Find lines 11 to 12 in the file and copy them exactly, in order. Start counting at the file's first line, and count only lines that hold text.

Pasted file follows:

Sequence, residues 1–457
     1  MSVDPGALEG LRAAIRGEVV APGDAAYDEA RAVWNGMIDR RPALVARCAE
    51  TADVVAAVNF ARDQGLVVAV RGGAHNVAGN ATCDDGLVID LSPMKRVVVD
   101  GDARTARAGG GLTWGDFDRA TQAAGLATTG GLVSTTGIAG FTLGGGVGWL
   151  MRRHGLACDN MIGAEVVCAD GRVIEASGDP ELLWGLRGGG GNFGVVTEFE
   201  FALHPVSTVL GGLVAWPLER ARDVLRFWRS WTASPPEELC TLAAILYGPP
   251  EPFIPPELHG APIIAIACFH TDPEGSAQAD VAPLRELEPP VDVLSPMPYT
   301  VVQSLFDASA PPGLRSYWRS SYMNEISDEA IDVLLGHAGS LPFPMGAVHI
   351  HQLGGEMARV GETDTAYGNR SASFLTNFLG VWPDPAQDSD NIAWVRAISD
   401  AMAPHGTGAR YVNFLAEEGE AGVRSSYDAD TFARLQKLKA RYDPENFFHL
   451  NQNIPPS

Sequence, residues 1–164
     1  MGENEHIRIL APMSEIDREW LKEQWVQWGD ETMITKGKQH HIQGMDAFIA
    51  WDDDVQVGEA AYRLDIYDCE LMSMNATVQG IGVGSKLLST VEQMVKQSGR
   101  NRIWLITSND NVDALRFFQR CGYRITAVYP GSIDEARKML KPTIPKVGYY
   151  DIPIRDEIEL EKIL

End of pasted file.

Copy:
   451  NQNIPPS

Sequence, residues 1–164